So what appeared to be a small crack in the paint, turned into a “worst case” scenario of woodworm boring through my sternpost, a real stomach dropping moment.
But although was bad, the epoxy glue lines seemed to have stopped it from spreading further.
So was a matter of taking the plunge and cutting a large chunk out of the sternpost, took a bit of nerve to make the first cut.
After that was a relatively simple job of carving a replacement part, fortunately I had been carrying some very hard wood onboard since Malyasia some 5? years earlier.
The wood, locally known as Chengal, a traditional boat building timber is very hard, glues well is rot resistant and also easy to work.
Wikipedia link here. https://en.wikipedia.org/wiki/Neobalanocarpus
The rudders are off, the port side needs a simple scrape before fairing and new anti-foul.
Without a vacuum system electric tools are no good, plus I find that a simple scraper is the most effective tool for removing old anti-foul.
Yuge Island had its annual summer festival, the weather holds up and it was a fantastic afternoon.
Next video I repair the starboard rudder, which was damaged when we dragged in a typhoon 4 years ago.
The summer heat is ongoing and slows progress down. Fortunately, I am working under the boat and in the shade but still, the humidity and heat takes the energy out of you.
Replacing our metal thru hulls and valves with Trudesign Composites. http://www.trudesign.nz/marine.
Learn how to remove extremely well stuck thru hulls and drill holes for replacement thru hulls, along with a quick look at some thru hulls that had been eaten from the inside out.
Now Tiare is out of the water, I take down our Sillette Sonic Drives to replace the anodes, bellows, shaft seals and clean and fill the corrosion pitting on the lower legs, then give acid washing a go before acid etching and a repaint.
Last winter I discovered that the SB side leg had water getting into the shaft so hoping it was just the shaft seals that needed replacing.
The PS leg pins were getting sloppy in their brackets, the answer was to fit some steel sleeves into them. Along with adding some high wear aluminum epoxy, to replace what the corrosion had eaten away around the pins.
And finally, time to grind off the 5 year old bitumen I had put on in Malaysia, and give the legs a good clean and fill up the bad pitting. Replacing grungy black/brown with a nice bright white.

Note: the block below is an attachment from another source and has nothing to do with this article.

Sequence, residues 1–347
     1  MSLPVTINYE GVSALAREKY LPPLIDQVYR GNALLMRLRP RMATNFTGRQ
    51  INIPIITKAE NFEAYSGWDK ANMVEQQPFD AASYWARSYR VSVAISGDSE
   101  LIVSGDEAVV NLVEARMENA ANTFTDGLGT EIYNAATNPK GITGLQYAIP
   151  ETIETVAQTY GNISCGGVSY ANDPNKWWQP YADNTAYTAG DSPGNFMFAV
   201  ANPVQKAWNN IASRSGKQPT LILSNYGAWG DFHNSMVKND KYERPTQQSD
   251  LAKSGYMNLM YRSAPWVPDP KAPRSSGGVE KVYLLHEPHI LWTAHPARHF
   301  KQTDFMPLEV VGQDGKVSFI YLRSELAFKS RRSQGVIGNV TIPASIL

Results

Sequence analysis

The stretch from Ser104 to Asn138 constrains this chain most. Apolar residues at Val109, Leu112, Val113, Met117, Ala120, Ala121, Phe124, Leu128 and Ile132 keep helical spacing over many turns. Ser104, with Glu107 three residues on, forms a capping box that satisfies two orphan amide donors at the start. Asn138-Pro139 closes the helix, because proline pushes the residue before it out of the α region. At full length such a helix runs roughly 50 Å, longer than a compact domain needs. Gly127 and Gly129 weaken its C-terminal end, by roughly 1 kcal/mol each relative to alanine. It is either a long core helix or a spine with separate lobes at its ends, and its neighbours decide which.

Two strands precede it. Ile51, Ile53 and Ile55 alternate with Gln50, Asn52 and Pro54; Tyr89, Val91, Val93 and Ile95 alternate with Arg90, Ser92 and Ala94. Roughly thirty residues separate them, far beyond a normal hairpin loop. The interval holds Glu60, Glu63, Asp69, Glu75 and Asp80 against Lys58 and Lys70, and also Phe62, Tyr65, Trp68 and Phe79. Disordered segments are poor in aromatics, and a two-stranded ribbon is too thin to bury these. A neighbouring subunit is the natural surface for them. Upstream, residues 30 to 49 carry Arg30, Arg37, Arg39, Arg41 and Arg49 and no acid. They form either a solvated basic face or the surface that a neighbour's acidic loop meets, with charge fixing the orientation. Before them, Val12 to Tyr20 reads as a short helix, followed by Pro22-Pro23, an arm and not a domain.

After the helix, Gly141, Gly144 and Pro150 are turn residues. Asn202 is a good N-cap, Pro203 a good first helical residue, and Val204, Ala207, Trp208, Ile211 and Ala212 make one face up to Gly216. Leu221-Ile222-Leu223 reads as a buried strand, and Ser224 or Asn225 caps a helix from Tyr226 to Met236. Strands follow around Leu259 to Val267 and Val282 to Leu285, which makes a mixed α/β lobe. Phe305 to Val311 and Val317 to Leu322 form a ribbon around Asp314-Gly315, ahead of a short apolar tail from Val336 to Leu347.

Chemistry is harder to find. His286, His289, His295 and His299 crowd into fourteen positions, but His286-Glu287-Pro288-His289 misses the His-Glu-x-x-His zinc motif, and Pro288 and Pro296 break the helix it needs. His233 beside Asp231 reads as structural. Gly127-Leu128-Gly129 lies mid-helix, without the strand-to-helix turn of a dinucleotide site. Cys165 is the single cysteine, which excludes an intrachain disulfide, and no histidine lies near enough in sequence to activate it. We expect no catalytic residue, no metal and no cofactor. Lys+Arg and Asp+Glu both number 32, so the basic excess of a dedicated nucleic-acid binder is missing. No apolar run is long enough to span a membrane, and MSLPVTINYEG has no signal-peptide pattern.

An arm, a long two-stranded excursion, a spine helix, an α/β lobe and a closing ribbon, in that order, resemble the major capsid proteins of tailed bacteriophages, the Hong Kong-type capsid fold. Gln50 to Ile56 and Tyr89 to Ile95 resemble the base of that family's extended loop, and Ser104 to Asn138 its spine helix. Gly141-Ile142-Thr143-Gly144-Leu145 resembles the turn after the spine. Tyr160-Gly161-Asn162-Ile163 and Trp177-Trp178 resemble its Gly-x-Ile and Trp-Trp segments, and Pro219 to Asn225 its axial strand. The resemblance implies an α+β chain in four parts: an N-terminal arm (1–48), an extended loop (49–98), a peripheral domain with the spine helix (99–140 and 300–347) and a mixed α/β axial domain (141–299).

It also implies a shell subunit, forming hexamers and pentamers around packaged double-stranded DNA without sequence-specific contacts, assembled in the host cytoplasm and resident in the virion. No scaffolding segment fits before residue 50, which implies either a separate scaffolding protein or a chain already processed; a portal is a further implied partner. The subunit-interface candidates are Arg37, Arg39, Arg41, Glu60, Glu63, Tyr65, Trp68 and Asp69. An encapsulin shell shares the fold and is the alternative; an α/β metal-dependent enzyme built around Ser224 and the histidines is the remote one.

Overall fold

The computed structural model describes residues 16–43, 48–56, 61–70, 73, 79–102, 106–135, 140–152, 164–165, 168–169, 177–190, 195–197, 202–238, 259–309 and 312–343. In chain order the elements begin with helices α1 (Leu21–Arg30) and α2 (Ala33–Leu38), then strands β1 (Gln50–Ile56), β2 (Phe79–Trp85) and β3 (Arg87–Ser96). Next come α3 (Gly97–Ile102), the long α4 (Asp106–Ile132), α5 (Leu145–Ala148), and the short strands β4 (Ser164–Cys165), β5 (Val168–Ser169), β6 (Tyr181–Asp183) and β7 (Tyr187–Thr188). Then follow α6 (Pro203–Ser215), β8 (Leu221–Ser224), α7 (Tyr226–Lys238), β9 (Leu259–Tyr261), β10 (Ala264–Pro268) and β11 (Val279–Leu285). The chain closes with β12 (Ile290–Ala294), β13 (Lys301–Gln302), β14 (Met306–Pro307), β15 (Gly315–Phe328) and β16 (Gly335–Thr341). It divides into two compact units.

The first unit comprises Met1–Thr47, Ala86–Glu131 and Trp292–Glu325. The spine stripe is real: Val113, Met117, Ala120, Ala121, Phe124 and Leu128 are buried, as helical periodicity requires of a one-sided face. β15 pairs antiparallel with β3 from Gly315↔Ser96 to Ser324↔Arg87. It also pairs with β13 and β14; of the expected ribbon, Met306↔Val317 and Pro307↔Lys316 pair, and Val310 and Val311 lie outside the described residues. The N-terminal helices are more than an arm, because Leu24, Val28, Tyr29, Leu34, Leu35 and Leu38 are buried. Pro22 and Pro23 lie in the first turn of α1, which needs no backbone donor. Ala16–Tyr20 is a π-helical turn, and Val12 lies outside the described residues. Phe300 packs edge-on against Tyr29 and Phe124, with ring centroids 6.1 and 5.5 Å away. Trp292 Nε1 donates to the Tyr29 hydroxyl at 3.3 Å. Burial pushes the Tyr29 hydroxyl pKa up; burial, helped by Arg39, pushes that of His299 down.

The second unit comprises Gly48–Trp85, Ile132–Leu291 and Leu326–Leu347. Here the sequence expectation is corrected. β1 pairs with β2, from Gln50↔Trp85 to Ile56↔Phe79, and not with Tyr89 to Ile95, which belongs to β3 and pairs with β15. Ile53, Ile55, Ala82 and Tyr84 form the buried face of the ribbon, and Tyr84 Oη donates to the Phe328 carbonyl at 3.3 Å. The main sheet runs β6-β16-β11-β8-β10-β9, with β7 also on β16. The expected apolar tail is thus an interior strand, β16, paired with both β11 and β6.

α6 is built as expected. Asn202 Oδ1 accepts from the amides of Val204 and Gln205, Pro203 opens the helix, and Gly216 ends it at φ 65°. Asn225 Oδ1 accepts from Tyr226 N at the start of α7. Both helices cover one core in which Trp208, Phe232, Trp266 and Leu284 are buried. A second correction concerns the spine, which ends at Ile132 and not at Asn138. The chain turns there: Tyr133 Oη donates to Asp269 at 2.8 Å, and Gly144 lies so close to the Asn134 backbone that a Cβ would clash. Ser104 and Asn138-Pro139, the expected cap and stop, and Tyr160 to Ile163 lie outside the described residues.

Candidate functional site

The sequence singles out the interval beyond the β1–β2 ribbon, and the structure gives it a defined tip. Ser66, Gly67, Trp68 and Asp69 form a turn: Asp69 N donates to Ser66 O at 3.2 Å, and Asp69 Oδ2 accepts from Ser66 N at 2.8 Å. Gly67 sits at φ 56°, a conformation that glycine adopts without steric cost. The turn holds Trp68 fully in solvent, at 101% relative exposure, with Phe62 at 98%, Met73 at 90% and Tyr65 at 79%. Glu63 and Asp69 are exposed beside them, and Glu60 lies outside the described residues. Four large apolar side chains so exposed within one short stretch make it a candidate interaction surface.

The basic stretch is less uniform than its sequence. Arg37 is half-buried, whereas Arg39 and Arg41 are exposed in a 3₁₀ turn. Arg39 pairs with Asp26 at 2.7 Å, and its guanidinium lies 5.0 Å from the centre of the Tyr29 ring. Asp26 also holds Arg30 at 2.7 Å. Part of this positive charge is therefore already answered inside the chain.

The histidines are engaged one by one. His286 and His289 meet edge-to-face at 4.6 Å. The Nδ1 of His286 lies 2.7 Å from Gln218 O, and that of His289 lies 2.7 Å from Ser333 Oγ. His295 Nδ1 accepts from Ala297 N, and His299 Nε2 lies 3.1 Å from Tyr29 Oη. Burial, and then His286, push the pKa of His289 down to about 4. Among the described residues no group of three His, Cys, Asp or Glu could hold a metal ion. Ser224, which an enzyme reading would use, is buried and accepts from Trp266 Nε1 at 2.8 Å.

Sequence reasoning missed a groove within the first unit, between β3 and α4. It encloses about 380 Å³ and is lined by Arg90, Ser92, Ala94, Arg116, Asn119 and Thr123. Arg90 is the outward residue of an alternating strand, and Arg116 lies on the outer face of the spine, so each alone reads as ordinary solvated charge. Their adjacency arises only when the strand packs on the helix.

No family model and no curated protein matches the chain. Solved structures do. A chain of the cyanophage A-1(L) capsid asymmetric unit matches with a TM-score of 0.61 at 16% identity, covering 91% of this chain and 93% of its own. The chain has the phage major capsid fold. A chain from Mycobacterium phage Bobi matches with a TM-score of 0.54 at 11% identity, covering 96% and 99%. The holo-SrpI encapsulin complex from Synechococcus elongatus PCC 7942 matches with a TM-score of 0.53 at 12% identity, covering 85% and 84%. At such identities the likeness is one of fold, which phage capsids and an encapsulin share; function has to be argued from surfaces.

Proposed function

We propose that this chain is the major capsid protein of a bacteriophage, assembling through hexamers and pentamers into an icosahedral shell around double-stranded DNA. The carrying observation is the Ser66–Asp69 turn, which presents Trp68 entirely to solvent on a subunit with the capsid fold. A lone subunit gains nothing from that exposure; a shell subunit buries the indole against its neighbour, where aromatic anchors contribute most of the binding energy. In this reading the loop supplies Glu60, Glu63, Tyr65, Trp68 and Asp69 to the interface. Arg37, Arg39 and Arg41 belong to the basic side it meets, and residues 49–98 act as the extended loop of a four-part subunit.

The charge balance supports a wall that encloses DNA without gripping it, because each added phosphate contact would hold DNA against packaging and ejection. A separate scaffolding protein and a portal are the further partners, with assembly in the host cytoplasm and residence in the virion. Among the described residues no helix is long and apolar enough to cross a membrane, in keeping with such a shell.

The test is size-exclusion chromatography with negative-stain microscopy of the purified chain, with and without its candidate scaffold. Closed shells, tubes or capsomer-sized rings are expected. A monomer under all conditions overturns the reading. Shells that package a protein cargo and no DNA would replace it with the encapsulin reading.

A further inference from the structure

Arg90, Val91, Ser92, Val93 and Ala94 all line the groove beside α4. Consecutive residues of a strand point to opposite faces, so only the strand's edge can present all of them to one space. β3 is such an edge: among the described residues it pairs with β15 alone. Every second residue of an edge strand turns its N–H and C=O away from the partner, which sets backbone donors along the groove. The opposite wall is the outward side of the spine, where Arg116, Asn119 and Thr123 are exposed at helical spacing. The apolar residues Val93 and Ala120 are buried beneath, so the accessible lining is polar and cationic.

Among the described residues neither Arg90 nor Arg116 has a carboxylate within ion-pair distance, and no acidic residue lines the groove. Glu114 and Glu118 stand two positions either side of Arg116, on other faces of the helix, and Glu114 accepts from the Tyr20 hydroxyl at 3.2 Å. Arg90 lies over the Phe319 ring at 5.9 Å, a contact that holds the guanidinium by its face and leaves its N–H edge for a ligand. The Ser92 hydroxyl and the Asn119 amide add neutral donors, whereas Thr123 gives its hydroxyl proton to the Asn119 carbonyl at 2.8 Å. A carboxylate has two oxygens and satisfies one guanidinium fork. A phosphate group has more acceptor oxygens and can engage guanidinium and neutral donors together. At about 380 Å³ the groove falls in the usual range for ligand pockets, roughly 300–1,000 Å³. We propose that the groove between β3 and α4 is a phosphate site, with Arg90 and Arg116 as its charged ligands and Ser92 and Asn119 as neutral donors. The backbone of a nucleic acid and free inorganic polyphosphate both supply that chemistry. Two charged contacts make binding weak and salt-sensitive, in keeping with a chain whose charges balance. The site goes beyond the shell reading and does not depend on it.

Well it has been a few months since the last video.
Quite a few things have happened. Winter has gone, Spring has been and gone and we are now into the rainy season.
Sam our eldest son is now in living in Japan, Tom has gone up to Hokkaido for six months as an IT intern. And Tiare our 55 foot Wharram sailing catamaran was hauled (dragged) out and ready for a 12 month maintenance and makeover.
There is a very long list of jobs.
Would have liked to take more video of Tiare as she was hauled out but totally forgot about the video until she was out. Shame.
But the biggest factor that makes taking kids cruising and the level of success is you.
Its how you approach the issues of safety, health, education.
And it’s your OWN expectations that are going to influence your life afloat.
In my mind, there is no doubt that taking your kids for an extended cruise is beneficial on so many levels.
Kids will accept things readily and adapt. It’s your own values and actions that often bring the conflict, especially as kids get older.
If you are the type that is constantly stressed, has a “my way or the highway” attitude or find it difficult to adapt, then cruising with older kids is going to be challenging.
Especially when it comes to what you consider to be the right way. As you know better, cos you’re an adult.
YOU’RE THE ADULT SO YOU HAVE TO LEARN TO DEAL WITH IT.
We have seen a number of cruisers with teenagers that have given up simply because they couldn’t deal with the kids “attitude”.
From where we were it was more a parent inability to just let it go. Laugh it off.
And I know it’s not always easy to be so relaxed. There is so much for you to worry about their imagined future.
What I have learnt is that cruising kids have a pretty good grasp on what life is really like.
After all they are traveling the world by sailboat, they learn that most people are poor, by our standards, that most people don’t have the opportunities they have, that most people have to work very very hard just to get by and that the world is a really big place and to succeed takes an effort. All this while they mumble, yell and say life’s unfair and sucks. Of course not all teens are like this 🙂
Safety is a biggy. For us the biggest concern is falling overboard while underway. Setting an example is key,